Regarding slippage

Regarding slippage

1. This is a formula that tries to replicate pretty realist the slippage for a trade.

0.05 + 0.2 / (AvgDailyTot(10) / 1000000 ^ .7) + 1 / Price

Some example:

Price\MegaVol 0.125 0.25 0.5 1 2 4
0.125 8.08% 8.06% 8.06% 8.05% 8.05% 8.05%
0.25 4.08% 4.06% 4.06% 4.05% 4.05% 4.05%
0.5 2.08% 2.06% 2.06% 2.05% 2.05% 2.05%
1 1.08% 1.06% 1.06% 1.05% 1.05% 1.05%
2 0.58% 0.56% 0.56% 0.55% 0.55% 0.55%
4 0.33% 0.31% 0.31% 0.30% 0.30% 0.30%
8 0.20% 0.19% 0.18% 0.18% 0.18% 0.18%
16 0.14% 0.13% 0.12% 0.12% 0.11% 0.11%
32 0.11% 0.09% 0.09% 0.08% 0.08% 0.08%
64 0.09% 0.08% 0.07% 0.07% 0.07% 0.07%
128 0.08% 0.07% 0.06% 0.06% 0.06% 0.06%
256 0.08% 0.07% 0.06% 0.06% 0.06% 0.05%
512 0.08% 0.06% 0.06% 0.06% 0.05% 0.05%
1024 0.08% 0.06% 0.06% 0.05% 0.05% 0.05%

1. Slippage for ETFs should not be computed like the one for stocks. ETFs have special ways of being created by demand by the provider and should be around 0.05%-0.15% according to with price and volume.
8 responses

Dan,

Slippage for ETFs should not be computed like the one for stocks. ETFs have special ways of being created by demand by the provider and should be around 0.05%-0.15% according to with price and volume.

You are absolutely correct.

What is AvgDailyTot in yours formula?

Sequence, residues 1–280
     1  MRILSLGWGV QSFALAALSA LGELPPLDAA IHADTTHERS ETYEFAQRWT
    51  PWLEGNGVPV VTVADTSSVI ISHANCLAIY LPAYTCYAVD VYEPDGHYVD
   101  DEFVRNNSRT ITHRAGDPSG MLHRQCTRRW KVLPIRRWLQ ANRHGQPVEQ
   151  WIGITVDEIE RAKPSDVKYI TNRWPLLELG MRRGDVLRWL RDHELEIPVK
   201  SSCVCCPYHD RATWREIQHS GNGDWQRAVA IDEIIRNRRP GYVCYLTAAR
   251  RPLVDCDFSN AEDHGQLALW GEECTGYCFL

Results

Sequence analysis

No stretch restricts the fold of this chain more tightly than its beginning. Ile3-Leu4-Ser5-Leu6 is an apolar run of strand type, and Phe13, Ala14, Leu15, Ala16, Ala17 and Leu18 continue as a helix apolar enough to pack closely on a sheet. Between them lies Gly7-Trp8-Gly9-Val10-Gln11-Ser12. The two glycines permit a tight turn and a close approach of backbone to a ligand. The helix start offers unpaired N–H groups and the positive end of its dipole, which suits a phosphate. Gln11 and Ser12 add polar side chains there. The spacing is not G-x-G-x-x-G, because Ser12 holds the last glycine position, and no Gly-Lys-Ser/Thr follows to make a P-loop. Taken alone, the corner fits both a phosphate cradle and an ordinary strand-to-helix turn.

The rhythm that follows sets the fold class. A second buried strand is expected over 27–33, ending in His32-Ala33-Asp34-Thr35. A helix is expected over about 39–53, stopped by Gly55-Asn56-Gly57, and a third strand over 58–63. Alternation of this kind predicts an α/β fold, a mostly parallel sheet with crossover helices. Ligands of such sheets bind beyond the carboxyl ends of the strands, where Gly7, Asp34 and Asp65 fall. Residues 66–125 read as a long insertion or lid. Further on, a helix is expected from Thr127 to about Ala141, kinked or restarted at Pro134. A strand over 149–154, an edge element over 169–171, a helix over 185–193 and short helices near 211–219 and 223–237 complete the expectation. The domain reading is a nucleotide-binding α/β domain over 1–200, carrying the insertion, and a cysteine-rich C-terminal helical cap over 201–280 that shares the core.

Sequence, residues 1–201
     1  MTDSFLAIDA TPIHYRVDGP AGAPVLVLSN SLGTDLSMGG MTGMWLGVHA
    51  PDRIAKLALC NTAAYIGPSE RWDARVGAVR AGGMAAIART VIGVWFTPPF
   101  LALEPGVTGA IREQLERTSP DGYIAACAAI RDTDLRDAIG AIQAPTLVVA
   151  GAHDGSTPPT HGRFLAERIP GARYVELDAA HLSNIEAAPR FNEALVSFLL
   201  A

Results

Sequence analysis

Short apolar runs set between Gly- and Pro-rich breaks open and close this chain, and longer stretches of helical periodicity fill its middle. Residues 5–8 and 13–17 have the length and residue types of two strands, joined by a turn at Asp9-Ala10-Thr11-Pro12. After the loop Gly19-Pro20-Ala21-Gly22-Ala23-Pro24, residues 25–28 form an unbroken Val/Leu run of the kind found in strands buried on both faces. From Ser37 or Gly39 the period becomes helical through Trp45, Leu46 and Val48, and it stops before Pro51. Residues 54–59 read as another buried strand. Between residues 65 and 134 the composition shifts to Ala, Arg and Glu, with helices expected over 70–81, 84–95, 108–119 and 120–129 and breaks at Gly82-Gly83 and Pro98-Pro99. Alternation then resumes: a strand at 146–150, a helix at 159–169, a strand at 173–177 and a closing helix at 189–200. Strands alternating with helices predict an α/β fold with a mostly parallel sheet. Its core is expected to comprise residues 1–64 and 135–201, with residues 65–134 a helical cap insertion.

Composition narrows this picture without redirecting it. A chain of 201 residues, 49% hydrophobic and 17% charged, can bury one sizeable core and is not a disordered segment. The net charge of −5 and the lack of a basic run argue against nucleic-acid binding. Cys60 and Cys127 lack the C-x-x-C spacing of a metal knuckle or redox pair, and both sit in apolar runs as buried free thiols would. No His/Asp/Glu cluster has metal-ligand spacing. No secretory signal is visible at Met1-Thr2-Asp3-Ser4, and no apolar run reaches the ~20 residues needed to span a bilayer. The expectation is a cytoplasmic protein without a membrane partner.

It is interesting to know your opinion about volume impact in Quantopian default slippage model.

AverageVolume for last 10 days. I've created a formula that somehow represents the slippage that portfolio123 uses and is kinda OK for what happens after thousand of transactions that I made in last 10 years.

It is interesting to know your opinion about volume impact in Quantopian default slippage model.

At least for ETFs, Quantopian's method is too restrictive, IMHO. Regarding stocks, I usually simulate with that formula in my initial post and is ok for medium size folios.

Anyway is a very nice platform!

I agree with you
Quantopian is a very nice platform.
But it will be much better if using more realistic default slippage model .

you are right. I was a bit surprised that positions that are trivial to open in a couple of minutes in reality w/o much slippage on EDV for example, don't complete in 2 days on Q simulations. Isn't too realistic.

So you're thinking something like this:

# Custom slippage model for ETFs
class ETFSlippage(slippage.SlippageModel):
def process_order(self, data, order):
# The last day of the history is today, which will skew the average
# So get 11 days of history and throw out the last one
volume = data.history(order.sid, fields="volume", bar_count=11, frequency='1d')[:-1].sum()
current_price = data.current(order.sid, 'price')
slip_amount = 0.05 + 0.2 / (volume / 1000000 ** 0.7) + 1.0 / current_price
new_price = current_price + (slip_amount * order.direction)

return new_price, order.amount


very probable but not for ETFs for normal stocks. ETFs should have around 0.1% constant slippage or bounded in 0.05%, 0.15% because they have other mechanisms of creation on demand.

So for EDV for example, in reality, you can trade it hundreds of time easier than what you can simulate with default settings on Q.

I'm not sure about that sum() should be average on last 10 bars or even minimum to make it more conservative.

Is someone official plans to answer to this issue? I try to write a SectorRotation for the contest and I have problems because the classic Sector ETFs are not liquid enough to trade $3.000.000 a day when they trade around 15.000.000 shares x$50 a day or over 200 times more than I want to do.